Dnipropetrovsk . Dnipropetrovsk Art Museum
17.09.2015 – 15.10.2015
"Malyshko's year" in Ya Gallery art center continues in artist's homeland - Dnipropetrovsk region. Mykola Malyshko was born in Znamenivka village, and graduated from Dnipropetrovsk art school in 1961. In the 1960s he gathered a group of like-minded artists in his studio apartment, where scattered in between tools and paints that lied "here and there" various art problems were regularly raised.
Today Mykola Malyshko's works are taken to the Dnipropetrovsk Art Museum for the first time. Though the museum had already held Ya Gallery's "new old masters" exhibition in 2011. Not really for "for the first time", because here on the first floor, more than half a century ago Mykola Malyshko studied the fundamentals of art amongst other art school students. His teachers would often point out to the fourth floor, as to the place where real masterpieces could be found...
Accompanied by the feeling that "the time is now", the project demonstrates master's best works of the recent years. The Figures and The Reader are absolutely new sculptures; they reflect the dynamics of change and development within "a wooden human" and author's personal beliefs. Mykola Malyshko immerses into the civic crisis with deep analysis and sympathy, and proves once again that art is the mirror of self-knowledge that everyone needs.
While still looking for new forms to express his thoughts, the sculptor creates a gallery of human figures. Each of them is a result of his long pondering about the destiny of man as a creator. Neither about Nietzsche's Übermensch, nor about a man trying to answer the question: "Am I a trembling creature, or do I have the right?" in some dubious "republics". But about a man, who is small and great at the same time, who continues to seek self-improvement until his last breath.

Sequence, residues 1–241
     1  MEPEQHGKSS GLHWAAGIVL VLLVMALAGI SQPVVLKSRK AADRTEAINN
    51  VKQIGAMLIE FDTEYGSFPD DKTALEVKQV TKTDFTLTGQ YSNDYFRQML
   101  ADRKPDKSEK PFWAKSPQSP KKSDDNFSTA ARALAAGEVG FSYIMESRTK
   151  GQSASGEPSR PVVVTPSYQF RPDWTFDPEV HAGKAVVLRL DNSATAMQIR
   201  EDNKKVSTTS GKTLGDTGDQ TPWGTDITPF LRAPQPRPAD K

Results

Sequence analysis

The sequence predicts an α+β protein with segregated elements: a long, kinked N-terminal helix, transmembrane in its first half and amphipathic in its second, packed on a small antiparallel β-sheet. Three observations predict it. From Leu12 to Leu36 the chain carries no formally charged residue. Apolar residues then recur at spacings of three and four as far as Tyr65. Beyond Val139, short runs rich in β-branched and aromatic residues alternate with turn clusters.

As the artist seizes the moment of human existence in a sculpture, he listens to the wood that is the closest material to us by nature. Malyshko's wooden man, like a living creature, goes through all stages in life and ,following the master's hand, finds himself embodied in symbols-obelisks. Sometimes, this man is magnificent and godlike. Especially when he raises his head towards the heavens in his search for answers about the universe. But sometimes he is small and imperfect: when he bends his head in a prayer or meditation, thinking about an upcoming day.
"To feel" instead of "to see". "To be" instead of "to exist". "To sympathize" instead of "to observe". Each of Malyshko's new sculptures summarizes his previous years reflections on multiple ways of human development, particularly the development within social confrontations. "The bride is coming", but is she happy? Or is she the one from Tychyna's poem?
Open the door,
*The bride is coming.
Open the door,
Only blue sky
Where a feather of cloud twists
My eyes, my heart
Turn into coral
As I wait.
Nowhere to hide
When the doors blew open,
Nowhere to lay his head
In wind and rain,
Darling, for every road
Shines with blood
And the night weeps
As God sleeps.
(Pavlo Tychyna, 1918)
While looking into sculptures as into books, the viewers are invited to take a look inwards. Not someday in the future, but here and now. By putting aside all compromises, to choose between the good and evil within them. Malyshko's sculptural concept, with its modernistic perfection, confronts the chaos of postmodernity, in which man serves only as a medium for viewpoints. Meanwhile, time demands to choose a solid position.
Despite naming every figure, the artist asserts that this name is just one of many others. Only the viewer can decide what The Bride, The Second or The Fifth Figure mean, and finally - what is his personal Today.
*Translation by Steve Komarnyckyj, with the exception of the second line that was translated here word for word as in the original poem.